Willetts announces end of state funding for social sciences

David Willetts today announced the effective end of state funding for degree courses in arts, humanities, and social science subjects.

David Willetts today announced the effective end of state funding for degree courses in arts, humanities, and social science subjects.

The cut would mean the full burden of funding for courses such as history (George Osborne, Andrew Mitchell, Chris Huhne), politics (David Cameron, Andrew Lansley, Philip Hammond), social anthropology (Nick Clegg), geography (Theresa May), and European studies (Caroline Spelman) will fall in future on students.

The announcement came today at an exchange with Luciana Berger MP at a Commons Select Committee hearing. According to the BBC:

“Mr Willetts said Lord Browne’s proposals envisaged most of the teaching funding “going in a different way – going via the student” by means of a graduate contribution.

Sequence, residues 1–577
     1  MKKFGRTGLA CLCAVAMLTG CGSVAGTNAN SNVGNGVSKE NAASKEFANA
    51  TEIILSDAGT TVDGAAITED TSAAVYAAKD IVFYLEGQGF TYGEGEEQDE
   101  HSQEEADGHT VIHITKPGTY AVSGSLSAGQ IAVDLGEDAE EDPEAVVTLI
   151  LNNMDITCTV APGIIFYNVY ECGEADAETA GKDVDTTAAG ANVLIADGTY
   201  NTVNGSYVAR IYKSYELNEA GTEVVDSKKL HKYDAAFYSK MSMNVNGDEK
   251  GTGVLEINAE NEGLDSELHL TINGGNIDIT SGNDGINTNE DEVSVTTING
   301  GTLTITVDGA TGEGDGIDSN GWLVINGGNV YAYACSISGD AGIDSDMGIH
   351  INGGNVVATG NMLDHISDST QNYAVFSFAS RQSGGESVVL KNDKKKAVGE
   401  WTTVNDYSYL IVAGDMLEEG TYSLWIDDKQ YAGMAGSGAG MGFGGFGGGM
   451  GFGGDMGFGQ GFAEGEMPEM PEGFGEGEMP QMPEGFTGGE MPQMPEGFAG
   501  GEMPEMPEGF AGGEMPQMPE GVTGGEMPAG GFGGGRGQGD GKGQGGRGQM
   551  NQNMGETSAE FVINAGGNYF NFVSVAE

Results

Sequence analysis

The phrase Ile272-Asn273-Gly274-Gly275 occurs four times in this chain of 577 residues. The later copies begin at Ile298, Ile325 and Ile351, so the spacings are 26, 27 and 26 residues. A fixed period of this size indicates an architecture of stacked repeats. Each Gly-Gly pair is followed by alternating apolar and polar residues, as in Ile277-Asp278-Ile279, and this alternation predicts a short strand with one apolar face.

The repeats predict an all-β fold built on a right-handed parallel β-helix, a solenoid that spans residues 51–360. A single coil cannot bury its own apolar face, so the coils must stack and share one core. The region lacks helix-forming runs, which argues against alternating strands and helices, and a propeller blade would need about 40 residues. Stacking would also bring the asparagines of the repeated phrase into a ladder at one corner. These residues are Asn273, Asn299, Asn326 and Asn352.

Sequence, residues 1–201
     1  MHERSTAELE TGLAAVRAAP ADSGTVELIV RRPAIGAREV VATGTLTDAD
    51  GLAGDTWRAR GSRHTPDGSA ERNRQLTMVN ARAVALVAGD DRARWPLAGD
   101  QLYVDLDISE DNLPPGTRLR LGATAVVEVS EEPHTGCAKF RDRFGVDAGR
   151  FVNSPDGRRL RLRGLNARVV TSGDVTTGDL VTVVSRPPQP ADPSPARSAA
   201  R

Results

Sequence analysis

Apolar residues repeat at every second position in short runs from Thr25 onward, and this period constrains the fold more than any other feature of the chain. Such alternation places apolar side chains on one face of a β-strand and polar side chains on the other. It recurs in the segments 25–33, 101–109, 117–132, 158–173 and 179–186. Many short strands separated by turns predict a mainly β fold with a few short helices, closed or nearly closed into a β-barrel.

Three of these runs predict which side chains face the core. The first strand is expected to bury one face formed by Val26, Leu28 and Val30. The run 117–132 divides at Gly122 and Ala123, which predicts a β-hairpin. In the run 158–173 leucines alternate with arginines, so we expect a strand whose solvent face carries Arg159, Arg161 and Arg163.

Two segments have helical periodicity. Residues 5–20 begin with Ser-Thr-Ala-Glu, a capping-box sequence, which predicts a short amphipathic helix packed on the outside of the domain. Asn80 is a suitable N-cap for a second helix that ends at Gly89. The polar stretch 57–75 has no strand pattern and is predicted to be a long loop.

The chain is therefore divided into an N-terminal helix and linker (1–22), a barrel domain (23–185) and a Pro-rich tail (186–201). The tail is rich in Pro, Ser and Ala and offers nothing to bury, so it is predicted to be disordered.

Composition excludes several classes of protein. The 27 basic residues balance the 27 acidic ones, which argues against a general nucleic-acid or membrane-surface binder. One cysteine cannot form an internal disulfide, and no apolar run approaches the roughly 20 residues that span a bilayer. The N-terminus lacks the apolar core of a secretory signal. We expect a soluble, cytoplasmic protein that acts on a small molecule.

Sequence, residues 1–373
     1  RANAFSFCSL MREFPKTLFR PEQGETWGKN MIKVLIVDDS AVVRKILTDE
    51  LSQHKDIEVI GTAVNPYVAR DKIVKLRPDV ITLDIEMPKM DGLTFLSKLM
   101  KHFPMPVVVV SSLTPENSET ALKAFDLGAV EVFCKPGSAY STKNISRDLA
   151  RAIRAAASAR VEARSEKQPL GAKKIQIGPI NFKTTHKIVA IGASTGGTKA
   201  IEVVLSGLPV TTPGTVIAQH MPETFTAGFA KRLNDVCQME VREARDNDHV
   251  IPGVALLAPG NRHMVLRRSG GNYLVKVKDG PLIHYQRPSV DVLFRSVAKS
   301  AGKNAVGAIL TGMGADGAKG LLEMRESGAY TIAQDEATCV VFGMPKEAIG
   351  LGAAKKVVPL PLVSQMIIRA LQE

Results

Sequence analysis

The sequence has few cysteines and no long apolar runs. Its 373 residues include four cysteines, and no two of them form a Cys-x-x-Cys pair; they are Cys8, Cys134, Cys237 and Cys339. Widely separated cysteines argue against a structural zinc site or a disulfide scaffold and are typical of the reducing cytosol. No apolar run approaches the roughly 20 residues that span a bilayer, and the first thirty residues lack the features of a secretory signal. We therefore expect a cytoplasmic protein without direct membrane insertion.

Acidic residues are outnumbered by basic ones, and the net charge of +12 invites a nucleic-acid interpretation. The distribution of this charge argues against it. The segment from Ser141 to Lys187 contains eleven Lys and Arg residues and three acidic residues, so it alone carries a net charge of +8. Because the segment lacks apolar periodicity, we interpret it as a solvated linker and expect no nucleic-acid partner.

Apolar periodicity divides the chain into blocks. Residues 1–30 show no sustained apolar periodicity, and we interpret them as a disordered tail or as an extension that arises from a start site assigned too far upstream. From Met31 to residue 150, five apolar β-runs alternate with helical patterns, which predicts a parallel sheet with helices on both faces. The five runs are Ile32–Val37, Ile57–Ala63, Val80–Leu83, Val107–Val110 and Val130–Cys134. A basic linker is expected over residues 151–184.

“Under this model, which he endorsed, he said “the teaching grant becomes a much less significant source of resource for universities.” And he confirmed that, under Lord Browne’s proposals, the teaching grant for band C and D subjects – arts, social sciences and humanities – would be all but wiped out.”

The Browne Review recommended a change in funding arrangements for University courses with state funding from the new HE Council going only to:

“Clinical training programmes – this will contain the clinical components of what is currently known as Price Group A: courses such as medicine and veterinary science.

“Priority programmes – this will contain the programmes currently known as Price Group B and potentially some proportion of Price Group C: this is primarily science and technology as well as healthcare courses.”

The omission of any mention of the funding arrangements for arts, humanities, and social sciences – which fall primarily in Price Group D – was replicated in a press release from Willetts’ Business Department last Wednesday which mentioned only the continued funding of Science, Technology, Engineering and Mathematics (S.T.E.M) subjects.

The arrangements are unlikely to take place until increased fees are brought in. Just yesterday, Hefce released a ‘review of subject price groups for 2010‘ which outlined that, “no changes will be made to subject price groups for 2011-12.”

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